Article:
SAN JUAN, Puerto Rico (CNN) -- Sen. Hillary Clinton is spending her second straight weekend campaigning in Puerto Rico before the island territory's June 1 primary. It could be one of her last chances to boost her popular vote total.
For Clinton, it's a family affair -- with both husband Bill and daughter Chelsea making the rounds.
"Chelsea and I and Hillary have now been to 42 of Puerto Rico's municipalities campaigning for the votes of the people of Puerto Rico," Bill Clinton said Thursday.
"She represents more Puerto Ricans than anyone in the world except someone who is elected here. Send the message back to the mainland on Sunday that Puerto Rico deserves to be considered and its potential is unlimited if only you had a genuine partner in the White House," he added.
She's counting on a strong showing on Sunday. With 55 delegates up for grabs Tuesday, it's the last big prize before the primaries end. Watch as Clinton looks ahead to Puerto Rico »
According to the new survey conducted for the newspaper El Vocero and Univision, Clinton is leading Obama there 51 percent to 38 percent among all adults in the primary.
The poll also show 52 percent of Puerto Ricans view Clinton favorably while 42 percent view Obama favorably. Watch Clinton campaign in Puerto Rico »
The survey was conducted May 8-20. Given the length of the survey time, it is possible it may not reflect the current views of Puerto Ricans since both candidates have visited the island since the polling began, and other recent developments on the campaign trail may have swayed voters' minds there.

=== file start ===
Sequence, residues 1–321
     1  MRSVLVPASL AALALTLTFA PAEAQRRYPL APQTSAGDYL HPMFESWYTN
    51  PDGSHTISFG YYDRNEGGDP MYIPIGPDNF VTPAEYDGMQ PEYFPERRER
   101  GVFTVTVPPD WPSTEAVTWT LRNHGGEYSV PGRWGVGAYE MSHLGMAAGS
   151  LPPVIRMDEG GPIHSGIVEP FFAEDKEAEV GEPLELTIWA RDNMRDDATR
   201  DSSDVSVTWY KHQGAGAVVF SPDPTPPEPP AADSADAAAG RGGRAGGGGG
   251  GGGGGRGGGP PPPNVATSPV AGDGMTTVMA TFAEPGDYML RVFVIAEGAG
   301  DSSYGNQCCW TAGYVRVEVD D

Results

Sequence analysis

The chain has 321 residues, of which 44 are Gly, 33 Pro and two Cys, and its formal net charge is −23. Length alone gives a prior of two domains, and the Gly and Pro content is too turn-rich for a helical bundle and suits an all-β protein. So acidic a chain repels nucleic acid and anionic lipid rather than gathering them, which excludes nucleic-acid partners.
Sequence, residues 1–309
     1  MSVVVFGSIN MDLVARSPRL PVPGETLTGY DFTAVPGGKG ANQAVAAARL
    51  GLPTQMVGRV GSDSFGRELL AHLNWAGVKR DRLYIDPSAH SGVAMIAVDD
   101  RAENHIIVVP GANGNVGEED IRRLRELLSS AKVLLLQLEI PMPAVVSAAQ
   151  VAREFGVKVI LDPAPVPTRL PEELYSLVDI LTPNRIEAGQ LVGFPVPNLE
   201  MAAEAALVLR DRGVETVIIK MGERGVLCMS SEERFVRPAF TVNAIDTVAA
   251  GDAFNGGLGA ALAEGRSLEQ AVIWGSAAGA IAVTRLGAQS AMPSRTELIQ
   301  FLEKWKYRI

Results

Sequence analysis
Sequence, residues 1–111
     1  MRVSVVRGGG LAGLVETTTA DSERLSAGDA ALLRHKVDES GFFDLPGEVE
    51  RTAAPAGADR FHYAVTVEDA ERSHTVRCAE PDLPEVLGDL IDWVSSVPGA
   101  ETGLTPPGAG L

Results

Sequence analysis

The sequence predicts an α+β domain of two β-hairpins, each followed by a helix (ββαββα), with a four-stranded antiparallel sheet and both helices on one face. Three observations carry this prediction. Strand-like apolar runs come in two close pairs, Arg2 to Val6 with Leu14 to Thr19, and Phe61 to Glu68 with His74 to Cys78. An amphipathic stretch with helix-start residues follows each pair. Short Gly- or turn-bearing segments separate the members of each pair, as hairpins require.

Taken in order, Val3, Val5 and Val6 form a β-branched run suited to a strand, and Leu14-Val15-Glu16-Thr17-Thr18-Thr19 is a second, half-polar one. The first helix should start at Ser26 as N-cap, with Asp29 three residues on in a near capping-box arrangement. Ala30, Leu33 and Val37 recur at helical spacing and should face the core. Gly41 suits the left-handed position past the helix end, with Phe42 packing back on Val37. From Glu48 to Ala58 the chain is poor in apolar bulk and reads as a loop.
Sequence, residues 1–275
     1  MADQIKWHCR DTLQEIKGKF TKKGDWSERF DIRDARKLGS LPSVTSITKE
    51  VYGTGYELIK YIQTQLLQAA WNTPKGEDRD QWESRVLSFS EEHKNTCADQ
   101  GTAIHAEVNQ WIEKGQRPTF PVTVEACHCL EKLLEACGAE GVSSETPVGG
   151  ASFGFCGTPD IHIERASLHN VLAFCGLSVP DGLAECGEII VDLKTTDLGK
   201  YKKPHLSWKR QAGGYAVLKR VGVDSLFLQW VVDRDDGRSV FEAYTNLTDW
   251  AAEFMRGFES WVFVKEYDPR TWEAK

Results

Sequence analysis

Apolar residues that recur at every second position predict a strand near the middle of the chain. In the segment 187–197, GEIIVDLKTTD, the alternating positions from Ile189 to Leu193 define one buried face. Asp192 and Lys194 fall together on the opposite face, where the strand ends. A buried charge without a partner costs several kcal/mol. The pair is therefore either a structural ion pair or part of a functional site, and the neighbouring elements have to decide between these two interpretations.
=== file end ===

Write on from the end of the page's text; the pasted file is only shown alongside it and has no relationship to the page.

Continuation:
Her popularity on the island caught the attention of one of the island's most famous pop stars Thursday.
Ricky Martin endorsed Clinton for the Democratic nomination, saying, "Whether fighting for better education, universal health care and social well-being, as first lady and senator from New York -- representing millions of Latinos -- she has always fought for what is most important for our families."
Obama, meanwhile, briefly campaigned in Puerto Rico last weekend.
On Saturday, he marched along a street in Bayamon, shaking hands with supporters as he walked in front of a banner that said "Puerto Rico Con Obama."
This event was referred to as a "caminata," a traditional parade for a candidate. Watch Obama dance up the parade route »
Obama remarked to the crowd, "I will never forget the support and the friendship that I've seen here in Puerto Rico. ... I am absolutely confident that if that we keep on working hard, there's no reason why we can't win here in Puerto Rico, and if we win Puerto Rico, we will win the nomination."
The Illinois senator is ahead in the pledged delegate count, according to CNN's latest count. Clinton has 1,499 pledged delegates to Obama's 1,661.
While Puerto Rico gets to vote in the primaries, it is not allowed to vote in the general election. The Democratic and Republican parties run the primaries and caucuses, and they allow U.S. territories, like Puerto Rico, to take part in the process.
But only the 50 states and the District of Columbia vote in the general election, as mandated by the Constitution.
CNN's Ed Hornick, Alexander Mooney and Lauren Kornreich contributed to this report.
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